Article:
…And a little “feature” for the blog worth a mention.
The Herb Companion magazine published my recipe of the Vegan Basil Pesto in their MAY 2012 issue (in print). The magazine highlighted the herb Basil in this issue (A Basil Lover’s Guide to Basil) and my recipe was among a couple others that they chose to publish for the month.
Unlike the usual red, orange and yellow hued Indian curries, this recipe today belongs to one of those not so often talked about “korma” or “shahi” category. Laden with spices, nuts, cream and khoya (thickened milk), this category of recipes have overwhelming influence of the Mughals, who once invaded India and also brought along and left in our Indian soils their love for good food and heavy use of nuts and dry fruits in their cooking . I have posted a recipe for Chicken Korma before and there are many similar kinds which are usually very rich.
Well the recipe today is not “rich”, and it relatively easy and quick to make compared to its other siblings. The flavors are prominent and pleasing yet subtle and delicate. I am not exactly sure when I started making this. The recipe probably came from someone whom I barely knew and it was just a mention in a totally unrelated conversation. It is not a recipe created by me but probably gone over a few changes since I first made it.
There might be a lot of variations in the ingredient list for the namesake. Some recipes use a lot of yogurt or coconut milk, or both together. I use none, but cook this with a whole lot of almonds to make the silky curry base.
The flavors of the curry comes from whole spices toasted in the skillet, lightly browned onions, almonds and very importantly the green hot peppers.
If you cannot tolerate the spicy heat, remove the seeds and the membranes of the hot peppers, but please do not compromise on the peppers. The fresh flavors of the peppers, along with the ground almond is vital for this dish. If you want a richer version, feel free to use cream.
Murgh Badami: Curried Chicken in Almond Sauce
Ingredients: (serves 4-6 as a side)
- 2 lbs skinless chicken breasts, (with or without bones and you may use any kind of chicken part, your choice) – cut into 1.5 -2 inch pieces
- 2 tablespoon lemon juice
- 1 teaspoon red chili powder
- 1 teaspoon salt
- 3 tablespoon sour cream or thick/hung/Greek yogurt
- 1.5 teaspoon garam masala
- 5 tablespoon ghee or oil
- a pinch of sugar
- 1 -2 large onion; depending on the size – (about 4 cups loosely packed after sliced), thinly sliced in half moons
- 6-8 small green cardamom
- 2 inch cinnamon
- 8 clove
- 2 tej patta/indian bay leaf
- 2 tablespoon ginger paste (or grated fresh ginger)
- 3/4 tablespoon garlic paste (or minced fresh garlic)
- 1/2 cup almond, soaked overnight and peeled
- 8-10 hot green chili pepper (if you do not like spicy, remove seeds and membrane; use gloves!. The flavor of the fresh pepper is vital here. Do not skip it)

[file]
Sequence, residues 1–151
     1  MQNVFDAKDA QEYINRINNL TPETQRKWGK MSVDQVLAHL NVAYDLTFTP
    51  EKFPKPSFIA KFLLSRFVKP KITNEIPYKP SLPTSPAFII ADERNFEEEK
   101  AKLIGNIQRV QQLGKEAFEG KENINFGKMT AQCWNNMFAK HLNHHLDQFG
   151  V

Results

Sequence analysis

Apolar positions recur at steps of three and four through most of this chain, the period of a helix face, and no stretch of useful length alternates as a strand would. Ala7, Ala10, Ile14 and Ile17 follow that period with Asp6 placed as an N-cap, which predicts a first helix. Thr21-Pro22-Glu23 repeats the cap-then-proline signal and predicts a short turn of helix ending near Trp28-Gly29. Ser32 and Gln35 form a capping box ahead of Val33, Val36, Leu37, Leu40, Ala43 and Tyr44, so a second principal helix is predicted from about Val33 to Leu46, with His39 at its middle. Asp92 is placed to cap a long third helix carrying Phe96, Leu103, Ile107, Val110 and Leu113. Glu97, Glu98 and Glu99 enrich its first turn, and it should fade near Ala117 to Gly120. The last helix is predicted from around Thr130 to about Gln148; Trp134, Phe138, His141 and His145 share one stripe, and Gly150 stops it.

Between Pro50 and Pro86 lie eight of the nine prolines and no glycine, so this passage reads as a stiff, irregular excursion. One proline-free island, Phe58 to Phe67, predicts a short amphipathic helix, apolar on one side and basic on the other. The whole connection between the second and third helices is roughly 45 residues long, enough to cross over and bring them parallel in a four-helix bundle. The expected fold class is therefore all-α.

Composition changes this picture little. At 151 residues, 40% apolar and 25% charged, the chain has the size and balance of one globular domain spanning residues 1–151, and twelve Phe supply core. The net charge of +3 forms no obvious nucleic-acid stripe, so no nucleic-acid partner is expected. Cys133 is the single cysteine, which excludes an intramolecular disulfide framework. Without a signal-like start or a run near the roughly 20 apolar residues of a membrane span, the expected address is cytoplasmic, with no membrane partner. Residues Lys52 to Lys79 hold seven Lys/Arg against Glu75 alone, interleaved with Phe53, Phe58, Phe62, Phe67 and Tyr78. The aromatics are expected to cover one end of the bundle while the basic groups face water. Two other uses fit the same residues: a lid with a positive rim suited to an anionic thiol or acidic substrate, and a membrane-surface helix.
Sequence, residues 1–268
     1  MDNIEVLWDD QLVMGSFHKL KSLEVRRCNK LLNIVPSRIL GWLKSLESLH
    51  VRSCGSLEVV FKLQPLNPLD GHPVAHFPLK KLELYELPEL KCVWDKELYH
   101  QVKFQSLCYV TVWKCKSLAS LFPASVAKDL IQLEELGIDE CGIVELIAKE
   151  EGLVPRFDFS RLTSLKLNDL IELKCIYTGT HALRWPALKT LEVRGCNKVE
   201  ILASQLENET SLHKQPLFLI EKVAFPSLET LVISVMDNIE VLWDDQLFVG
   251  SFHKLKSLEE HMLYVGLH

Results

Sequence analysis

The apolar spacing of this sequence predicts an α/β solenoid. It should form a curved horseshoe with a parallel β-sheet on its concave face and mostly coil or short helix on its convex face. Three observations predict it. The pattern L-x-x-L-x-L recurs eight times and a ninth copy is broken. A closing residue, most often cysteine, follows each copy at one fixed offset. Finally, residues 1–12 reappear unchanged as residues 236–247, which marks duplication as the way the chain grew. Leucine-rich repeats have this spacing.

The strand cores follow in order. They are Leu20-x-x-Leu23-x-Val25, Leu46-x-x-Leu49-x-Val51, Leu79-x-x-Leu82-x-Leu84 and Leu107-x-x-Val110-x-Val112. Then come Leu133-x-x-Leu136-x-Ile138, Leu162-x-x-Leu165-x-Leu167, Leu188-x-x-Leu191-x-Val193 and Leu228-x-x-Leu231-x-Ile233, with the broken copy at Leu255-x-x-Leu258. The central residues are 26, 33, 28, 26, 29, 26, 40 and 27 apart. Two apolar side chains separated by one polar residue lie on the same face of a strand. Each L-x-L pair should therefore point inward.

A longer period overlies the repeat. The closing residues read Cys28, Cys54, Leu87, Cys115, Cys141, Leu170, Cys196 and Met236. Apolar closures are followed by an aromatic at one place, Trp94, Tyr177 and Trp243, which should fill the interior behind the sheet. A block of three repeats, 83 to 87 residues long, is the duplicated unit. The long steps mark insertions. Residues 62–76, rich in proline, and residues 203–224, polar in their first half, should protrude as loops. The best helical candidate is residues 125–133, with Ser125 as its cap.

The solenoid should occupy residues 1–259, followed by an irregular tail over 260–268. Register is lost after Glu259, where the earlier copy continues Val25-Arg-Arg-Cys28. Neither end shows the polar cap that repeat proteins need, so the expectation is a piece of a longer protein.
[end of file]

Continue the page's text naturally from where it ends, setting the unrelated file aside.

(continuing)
- 1/2 cup milk/almond milk (if you want a rich dish, use half and half or cream)
- 1/4 teaspoon nutmeg
- salt to taste
- a fistful of golden raisins or sultanas (soaked in hot water) – (Optional), if you want little sweet bites
- fresh cilantro/coriander to garnish
- slivered and lightly toasted almond for garnish
Note: Paneer may be used in place of meat or make this a vegetarian dish.
Clean, cut and wash chicken. Pat dry with a paper towel. Place chicken in a non reactive bowl. Add the lemon juice, salt and red chili powder and toss well making sure the meat pieces are well coated. Allow it to sit for about half an hour.
Whisk yogurt and garam masala powder. Add it to the chicken in the bowl and toss well. Refrigerate and let it marinate overnight if possible (try a long marination time if you can; it gets the meat tender and reduces cooking time).
Pound the whole spices to break them up. Do not powder them.
Place a large heavy bottomed pan/pot on the stove and add the pounded spices. Allow them to heat up until they get fragrant. You cannot miss the aroma. Add the oil/ghee. The oil/ghee will heat up soon as the pan is already hot. Add the tejpatta/bay leaf. Add the sliced onions and the pinch of sugar; cook at medium to high heat until the onions soften and start to get golden/light brown. It will take about 15 minutes or a little bit more depending on the heat and the water content in the onion.
Now add the ginger and garlic paste. Toss everything and cook for two more minutes.
Remove chicken from the marinade and add them to the pan. Add salt.
Save the marinade. Cook the chicken tossing them frequently so that they are in contact with the pan. The sides of the chicken should start browning /turning golden in about 15 minutes. The chicken should have a light brown hue in all sides and there should be no liquid left in the pan. The onion and the spice mix will start to stick to the pan. Scrape it off to avoid burning the spice mix. The color of the spice mix should not be allowed to turn dark brown.
While the chicken browns, peel the almonds and make a paste with the almonds, milk, the saved marinade and green chili pepper.
Once the chicken is browned, add the almond puree and the nutmeg to the pan, toss well for it to combine well with the content in the pan. Add two to three cups of warm/hot water to the pan (or as much as you would need to make more or less sauce), lower the heat and cover it. Allow it to cook/simmer until the chicken softens and the oil/ghee starts to come up on the top and leave the sides of the pan. Add the raisins if you are using them and toss.
Garnish with fresh herbs and almond flakes if you wish. Serve hot with hot buttered Naan/or any flat bread or over steamed basmati rice/vegetable pulao.
Preparation Time: 20 minutes
Standing/Marination Time: a few hours to overnight
Cooking Time: 1 hour
Level of Difficulty: Moderate
Serves: 4-6 as a side